Academic journal article IRPP Study

A Federation within a Federation? Devolution and Indigenous Government in the Northwest Territories

Academic journal article IRPP Study

A Federation within a Federation? Devolution and Indigenous Government in the Northwest Territories

Article excerpt

The Northwest Territories (NWT) is on the leading edge of political, constitutional and administrative changes that are fundamentally remaking the relationship between Indigenous peoples and the Canadian state. Notable among these changes are the negotiation and settlement of modern treaties, the creation of Indigenous governments and a commitment by Canadian state actors to processes of reconciliation with Indigenous peoples (Newhouse 2016). Equally transformative is the development of formal and routine intergovernmental relations between subnational governments and those of Indigenous nations (Alcantara and Nelles 2016; Papillon and Juneau 2016). These new forms of intergovernmental relations are normative in that they recognize Indigenous rights and their concomitant institutions and pragmatic in that they provide a means for Indigenous and public governments to cooperate in the design and delivery of policy and programs.

The NWT, Yukon and Nunavut are Canada's three northern territories. They enjoy a similar set of jurisdictional powers to the provinces. However, unlike the provinces, the territories are not entrenched within Canada's constitutional order.1 Over the past four decades, legislative and policy-making responsibilities have increasingly been transferred to the territories by the federal government.

The latest of these transfers involves the devolution of land and resource management to the NWT. The Northwest Territories Land and Resources Devolution Agreement - signed by federal, territorial and nine Indigenous governments beginning in 2013 - was not a simple administrative transfer, but introduced new executive, fiscal and regulatory institutions to manage intergovernmental relations within the territory.2 These new institutions and practices were designed to mediate and regularize intergovernmental relations in what is becoming Canada's first federation within a federation.3 The development of federaltype executive, fiscal and regulatory systems reconciles the Government of the Northwest Territories (GNWT) with Indigenous governments, and it embeds Indigenous and treaty rights in the NWT's public governance structure.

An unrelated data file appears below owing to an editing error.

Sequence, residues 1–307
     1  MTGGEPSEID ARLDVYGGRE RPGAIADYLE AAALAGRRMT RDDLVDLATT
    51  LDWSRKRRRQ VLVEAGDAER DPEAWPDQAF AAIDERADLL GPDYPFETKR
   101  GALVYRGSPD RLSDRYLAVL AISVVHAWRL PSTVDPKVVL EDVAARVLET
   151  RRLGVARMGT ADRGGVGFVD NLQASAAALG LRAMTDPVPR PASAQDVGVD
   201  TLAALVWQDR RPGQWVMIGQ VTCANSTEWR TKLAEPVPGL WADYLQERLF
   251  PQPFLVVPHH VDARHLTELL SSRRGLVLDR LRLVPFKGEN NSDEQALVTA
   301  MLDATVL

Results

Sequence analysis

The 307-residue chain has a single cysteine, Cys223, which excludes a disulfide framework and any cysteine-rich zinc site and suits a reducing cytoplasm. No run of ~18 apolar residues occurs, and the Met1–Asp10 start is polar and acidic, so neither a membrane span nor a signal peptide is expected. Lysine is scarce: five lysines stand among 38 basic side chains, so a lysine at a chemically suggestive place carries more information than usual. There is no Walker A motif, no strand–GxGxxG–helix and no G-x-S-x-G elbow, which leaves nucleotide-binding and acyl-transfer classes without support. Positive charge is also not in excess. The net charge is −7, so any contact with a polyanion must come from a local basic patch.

This study considers how the devolution process has balanced competing Indigenous and settler visions of autonomy and what the territory's governance framework can teach us about future directions in Canadian federalism. It examines three instances of federal institution building within the NWT that are the result of devolution: the creation of the Intergovernmental Council, the introduction of resource revenue sharing and attempts to harmonize regulatory oversight in the territory. This analysis relies on a review of government reports, court documents, budget materials and secondary sources, as well as key-participant interviews and communications with eight federal, territorial and Indigenous government officials and political observers.

These federal-type structures bridge the political and administrative divides between the GNWT - a public government rooted in the settler traditions of the Canadian state - and the constitutionally protected governments of Dene, Métis and Inuvialuit peoples. The changes occurring in the NWT - and, to a lesser extent, Yukon - are a significant departure from older patterns of constitutional development in northwest Canada. However, they are not revolutionary within the Canadian context. While the adoption of federal-type institutions at the subnational level in Canada is novel, the operation of those institutions relies on norms and practices similar to those at the national level.

Devolution, Indigenous Rights and Federalism in Northern Canada

The decentralization of political, policy and fiscal authority within states has become commonplace (Rodden 2004). It takes many forms, including the transfer of authority to subnational units, the delegation of decision-making authority from central agencies to departments and the introduction or expansion of federal institutions. …

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